וְהָתְנַן הִרְכִּינָהּ וּמִיצָּהּ הֲרֵי זוֹ תְּרוּמָה But didn’t we learn in a mishna (Terumot 11:8): If one poured oil or wine of teruma from one vessel to another and turned the vessel on its side and drained out the last bits of liquid inside, this is teruma and must be given to the priest? This indicates that the last remnants of the liquid in the vessel belong to the one who receives the oil or wine, not the owner, i.e., the seller. Why, then, does the mishna here teach that the last remnants belong to the seller?
אֲמַר לֵיהּ הָא אִיתְּמַר עֲלַהּ אָמַר רַבִּי אֲבָהוּ מִשּׁוּם יֵאוּשׁ בְּעָלִים נָגְעוּ בָּהּ: Rav Yitzḥak bar Avdimi said to Rabbi Elazar: But wasn’t it stated with regard to that mishna that Rabbi Abbahu says: Due to of the despair of the owner, who relinquishes his right to such a small amount of wine or oil, the Sages touched upon it and ruled that any remnants extracted from the vessel belong to the seller? By contrast, with regard to teruma, which is forbidden to non-priests, the despair of the buyer is irrelevant, and therefore anything that remains in the vessels is teruma.
וְהַחֶנְווֹנִי אֵינוֹ חַיָּיב לְהַטִּיף וְכוּ׳ אִיבַּעְיָא לְהוּ רַבִּי יְהוּדָה אַרֵישָׁא קָאֵי וּלְקוּלָּא אוֹ דִלְמָא אַסֵּיפָא קָאֵי וּלְחוּמְרָא § The mishna teaches: And a storekeeper is not obligated to drip three drops. Rabbi Yehuda says: If the sale occurs on Shabbat eve as nightfall arrives, one is exempt from dripping these three drops. A dilemma was raised before the Sages: Is Rabbi Yehuda referring to the first clause of the mishna, and if so his ruling is lenient, as the mishna states that one must drip three drops and he states that on Shabbat eve one is exempt from doing so? Or perhaps he is referring to the latter clause and is stringent, as the mishna teaches that a storekeeper is always exempt, whereas Rabbi Yehuda rules that this is the halakha only on Shabbat eve?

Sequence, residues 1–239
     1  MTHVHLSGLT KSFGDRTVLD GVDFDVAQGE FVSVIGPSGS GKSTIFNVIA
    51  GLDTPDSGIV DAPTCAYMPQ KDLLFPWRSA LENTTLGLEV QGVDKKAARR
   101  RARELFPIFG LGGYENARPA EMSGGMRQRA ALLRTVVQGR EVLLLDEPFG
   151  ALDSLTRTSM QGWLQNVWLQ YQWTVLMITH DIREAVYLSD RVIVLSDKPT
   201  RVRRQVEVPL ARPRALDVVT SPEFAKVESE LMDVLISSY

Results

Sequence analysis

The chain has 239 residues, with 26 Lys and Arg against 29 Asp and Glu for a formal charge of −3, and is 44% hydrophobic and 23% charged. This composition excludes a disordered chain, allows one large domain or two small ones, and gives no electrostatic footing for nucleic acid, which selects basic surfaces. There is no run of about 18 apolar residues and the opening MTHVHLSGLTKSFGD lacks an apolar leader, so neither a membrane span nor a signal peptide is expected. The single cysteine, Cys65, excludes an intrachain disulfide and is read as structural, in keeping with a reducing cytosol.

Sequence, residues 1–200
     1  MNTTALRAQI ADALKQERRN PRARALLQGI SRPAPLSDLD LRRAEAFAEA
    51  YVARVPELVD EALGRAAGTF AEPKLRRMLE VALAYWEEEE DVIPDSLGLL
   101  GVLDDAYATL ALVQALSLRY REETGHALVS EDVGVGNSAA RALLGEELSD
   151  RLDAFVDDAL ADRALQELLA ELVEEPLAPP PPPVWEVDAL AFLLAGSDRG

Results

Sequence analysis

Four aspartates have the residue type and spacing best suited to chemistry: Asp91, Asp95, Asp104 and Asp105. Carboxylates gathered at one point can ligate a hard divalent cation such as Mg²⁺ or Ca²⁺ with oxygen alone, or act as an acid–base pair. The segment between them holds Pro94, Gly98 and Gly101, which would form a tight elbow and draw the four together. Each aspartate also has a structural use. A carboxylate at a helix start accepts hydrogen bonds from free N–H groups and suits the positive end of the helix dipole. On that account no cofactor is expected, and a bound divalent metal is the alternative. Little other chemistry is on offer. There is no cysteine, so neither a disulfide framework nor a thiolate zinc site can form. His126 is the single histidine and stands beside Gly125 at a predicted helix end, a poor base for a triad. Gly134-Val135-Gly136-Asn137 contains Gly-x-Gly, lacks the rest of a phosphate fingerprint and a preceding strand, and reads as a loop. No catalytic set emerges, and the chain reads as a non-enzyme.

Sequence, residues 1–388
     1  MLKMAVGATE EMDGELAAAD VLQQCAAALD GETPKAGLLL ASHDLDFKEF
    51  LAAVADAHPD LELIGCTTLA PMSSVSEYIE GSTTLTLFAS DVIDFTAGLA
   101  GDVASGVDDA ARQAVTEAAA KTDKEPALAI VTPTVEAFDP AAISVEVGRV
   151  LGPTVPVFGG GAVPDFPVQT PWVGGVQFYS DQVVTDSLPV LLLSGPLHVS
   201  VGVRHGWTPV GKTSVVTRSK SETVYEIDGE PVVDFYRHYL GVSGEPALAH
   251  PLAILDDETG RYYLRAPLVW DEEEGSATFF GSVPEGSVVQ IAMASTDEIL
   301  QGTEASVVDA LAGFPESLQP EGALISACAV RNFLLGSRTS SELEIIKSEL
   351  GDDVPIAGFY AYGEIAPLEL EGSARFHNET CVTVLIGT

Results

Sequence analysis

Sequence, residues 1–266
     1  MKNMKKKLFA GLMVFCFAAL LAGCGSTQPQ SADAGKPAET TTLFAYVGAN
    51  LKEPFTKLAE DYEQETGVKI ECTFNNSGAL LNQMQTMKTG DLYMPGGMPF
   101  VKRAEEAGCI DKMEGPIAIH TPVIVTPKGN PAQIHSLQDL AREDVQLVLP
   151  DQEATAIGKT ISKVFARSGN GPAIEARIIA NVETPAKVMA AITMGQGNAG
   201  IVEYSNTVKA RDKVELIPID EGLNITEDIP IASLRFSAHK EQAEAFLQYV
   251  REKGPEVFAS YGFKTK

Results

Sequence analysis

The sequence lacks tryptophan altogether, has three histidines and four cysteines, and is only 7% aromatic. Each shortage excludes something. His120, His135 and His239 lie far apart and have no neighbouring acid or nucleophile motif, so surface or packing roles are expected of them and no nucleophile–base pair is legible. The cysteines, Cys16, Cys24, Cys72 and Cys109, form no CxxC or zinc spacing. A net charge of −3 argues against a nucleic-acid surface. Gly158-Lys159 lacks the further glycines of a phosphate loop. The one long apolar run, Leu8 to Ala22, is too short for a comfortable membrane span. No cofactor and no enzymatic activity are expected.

תָּא שְׁמַע דְּתַנְיָא רַבִּי יְהוּדָה אוֹמֵר עֶרֶב שַׁבָּת עִם חֲשֵׁכָה חֶנְווֹנִי פָּטוּר מִפְּנֵי שֶׁחֶנְווֹנִי טָרוּד: The Gemara answers: Come and hear a resolution of this dilemma, as it is taught in a baraita that Rabbi Yehuda says: On Shabbat eve at nightfall a storekeeper is exempt because the storekeeper is busy. This proves that Rabbi Yehuda was referring to the latter clause of the mishna, i.e., he exempts the storekeeper from dripping the drops only on Shabbat eve.
מַתְנִי׳ הַשּׁוֹלֵחַ אֶת בְּנוֹ אֵצֶל חֶנְווֹנִי וּפוֹנְדְּיוֹן בְּיָדוֹ וּמָדַד לוֹ בְּאִיסָּר שֶׁמֶן וְנָתַן לוֹ אֶת הָאִיסָּר שָׁבַר אֶת הַצְּלוֹחִית וְאִבֵּד אֶת הָאִיסָּר חֶנְווֹנִי חַיָּיב רַבִּי יְהוּדָה פּוֹטֵר שֶׁעַל מְנָת כֵּן שְׁלָחוֹ וּמוֹדִים חֲכָמִים לְרַבִּי יְהוּדָה בִּזְמַן שֶׁהַצְּלוֹחִית בְּיַד הַתִּינוֹק וּמָדַד חֶנְווֹנִי לְתוֹכָהּ שֶׁחֶנְווֹנִי פָּטוּר: MISHNA: With regard to one who sends his son to a storekeeper with a pundeyon, a coin worth two issar, in his hand, and the storekeeper measured oil for him for one issar and gave him the second issar as change, and the son broke the jug and lost the issar, the storekeeper must compensate the father, as he gave the jug and coin to one who is not halakhically competent. Rabbi Yehuda exempts him from liability, as he holds that the father sent his son in order to do this, i.e., to bring back the jug and coin. And the Rabbis concede to Rabbi Yehuda with regard to a case when the jug is in the hand of the child and the storekeeper measured the oil into it that the storekeeper is exempt if the child breaks the jug.